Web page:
Cook County Medical Examiner’s Office Will Offer Grief Counseling To Assist Families of Deceased
The Cook County Medical Examiner’s Office will begin a pilot grief counseling program for the families of homicide victims and in other selected death cases through a program approved today by the Cook County Board of Commissioners.
Under an interagency agreement between the County and the University of Illinois-Chicago, a second-year graduate student from UIC’s Jane Addams College of Social Work will be available to assist families who come to the ME’s office for the purpose of identifying the remains of loved. Visual identification of the deceased by families is only allowed in cases of homicide or unidentified remains.
UIC will select the student to serve in the program, which will be supervised by Antonia Mayorga, executive assistant to Chief Medical Examiner Dr. Stephen Cina. Mayorga holds a Master’s of Social Work degree. The Medical Examiner’s office has not previously offered grief counseling services, even on a limited basis as will be the case now.
The Board also approved several other interagency agreements between the Medical Examiner’s Office and local medical schools and hospitals which continue existing pathology education and residency programs.
“The agreements reflect the Office’s commitment to both education and meeting the emotional needs of our customers,” said Dr. Cina. “By offering some degree of in-house grief counseling through this partnership with UIC, families will be better equipped to deal with the unexpected tragedy of a sudden death. The agreements with local medical schools and residency training programs will ensure that Cook County has adequately trained pathologists over the years to come.”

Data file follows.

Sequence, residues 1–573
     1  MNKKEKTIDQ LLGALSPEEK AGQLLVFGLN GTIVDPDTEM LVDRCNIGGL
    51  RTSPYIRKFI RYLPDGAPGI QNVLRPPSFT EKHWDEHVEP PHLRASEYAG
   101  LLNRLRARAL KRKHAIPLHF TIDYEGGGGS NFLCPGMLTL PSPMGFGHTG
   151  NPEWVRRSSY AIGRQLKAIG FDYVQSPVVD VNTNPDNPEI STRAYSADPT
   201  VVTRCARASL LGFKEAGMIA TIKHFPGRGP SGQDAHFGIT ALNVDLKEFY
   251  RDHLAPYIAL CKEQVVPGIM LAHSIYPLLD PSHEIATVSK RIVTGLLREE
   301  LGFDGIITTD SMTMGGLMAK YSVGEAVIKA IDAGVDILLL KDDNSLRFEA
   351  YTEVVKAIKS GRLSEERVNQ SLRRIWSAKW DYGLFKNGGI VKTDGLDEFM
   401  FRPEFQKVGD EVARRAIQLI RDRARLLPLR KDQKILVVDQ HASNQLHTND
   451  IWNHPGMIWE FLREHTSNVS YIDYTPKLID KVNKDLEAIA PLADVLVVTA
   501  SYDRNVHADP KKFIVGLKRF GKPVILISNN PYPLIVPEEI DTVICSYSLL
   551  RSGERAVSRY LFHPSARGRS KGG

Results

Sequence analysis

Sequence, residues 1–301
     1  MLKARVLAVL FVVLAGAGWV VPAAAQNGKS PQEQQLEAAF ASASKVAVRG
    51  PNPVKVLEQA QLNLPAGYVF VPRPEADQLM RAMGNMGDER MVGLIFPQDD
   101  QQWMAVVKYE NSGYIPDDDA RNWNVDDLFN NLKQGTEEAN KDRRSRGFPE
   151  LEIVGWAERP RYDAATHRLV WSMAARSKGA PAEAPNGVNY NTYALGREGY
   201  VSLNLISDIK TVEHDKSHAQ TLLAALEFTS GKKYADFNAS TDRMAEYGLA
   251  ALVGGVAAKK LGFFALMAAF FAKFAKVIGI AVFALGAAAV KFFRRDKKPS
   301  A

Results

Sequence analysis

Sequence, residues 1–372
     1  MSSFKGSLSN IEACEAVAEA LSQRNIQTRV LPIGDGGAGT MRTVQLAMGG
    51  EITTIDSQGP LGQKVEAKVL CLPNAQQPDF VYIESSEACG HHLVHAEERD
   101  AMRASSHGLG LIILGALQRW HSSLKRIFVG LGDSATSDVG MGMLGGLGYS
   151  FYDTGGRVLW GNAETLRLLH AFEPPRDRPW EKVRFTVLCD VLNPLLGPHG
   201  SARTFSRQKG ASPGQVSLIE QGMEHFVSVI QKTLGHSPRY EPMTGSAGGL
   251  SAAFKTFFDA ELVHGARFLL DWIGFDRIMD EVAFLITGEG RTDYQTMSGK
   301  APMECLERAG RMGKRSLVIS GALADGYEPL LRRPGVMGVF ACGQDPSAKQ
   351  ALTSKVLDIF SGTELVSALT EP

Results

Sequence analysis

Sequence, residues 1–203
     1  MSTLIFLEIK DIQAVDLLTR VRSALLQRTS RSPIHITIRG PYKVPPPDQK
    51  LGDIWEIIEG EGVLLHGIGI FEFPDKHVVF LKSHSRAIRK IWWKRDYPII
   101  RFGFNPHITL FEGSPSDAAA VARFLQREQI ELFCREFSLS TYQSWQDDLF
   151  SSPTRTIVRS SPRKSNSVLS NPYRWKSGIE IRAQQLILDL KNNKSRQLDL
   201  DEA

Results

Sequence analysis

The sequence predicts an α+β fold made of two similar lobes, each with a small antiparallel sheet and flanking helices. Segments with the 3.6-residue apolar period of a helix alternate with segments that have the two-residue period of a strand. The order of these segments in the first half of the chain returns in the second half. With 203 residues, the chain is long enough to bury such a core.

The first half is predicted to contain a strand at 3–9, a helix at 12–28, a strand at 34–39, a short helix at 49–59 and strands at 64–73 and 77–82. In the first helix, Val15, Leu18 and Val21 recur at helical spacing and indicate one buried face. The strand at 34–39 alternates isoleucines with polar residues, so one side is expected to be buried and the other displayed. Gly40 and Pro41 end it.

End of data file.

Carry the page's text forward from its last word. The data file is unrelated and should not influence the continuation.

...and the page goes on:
The graduate student selected for the position will be studying one of two academic concentrations at the Addams School: community health and urban development, or mental health. The program will typically encompass 630 hours during the course of the school year.
Families will be counseled on the identification procedure, walked through documentation, and prepared for what they are about to see on the video monitor when identifying the remains of a loved one. Once identification is complete, families will be offered informational material and referral services if needed, and a follow-up phone call.
As part of the grief counseling initiative, a list of resources such as victim assistance and various survivor support programs regarding homicide, sudden infant death, suicide and general bereavement will be compiled and made available to families.
“It is my hope that we can help ease these families burden in some small way by providing information that may be helpful to them immediately and in the weeks after the loss of their loved one,” said Mayorga.
The Jane Addams College of Social Work is home to more than 400 graduate students pursuing master's and doctoral degrees. Students come to the college from the Chicago metropolitan area, other parts of the United States and other countries.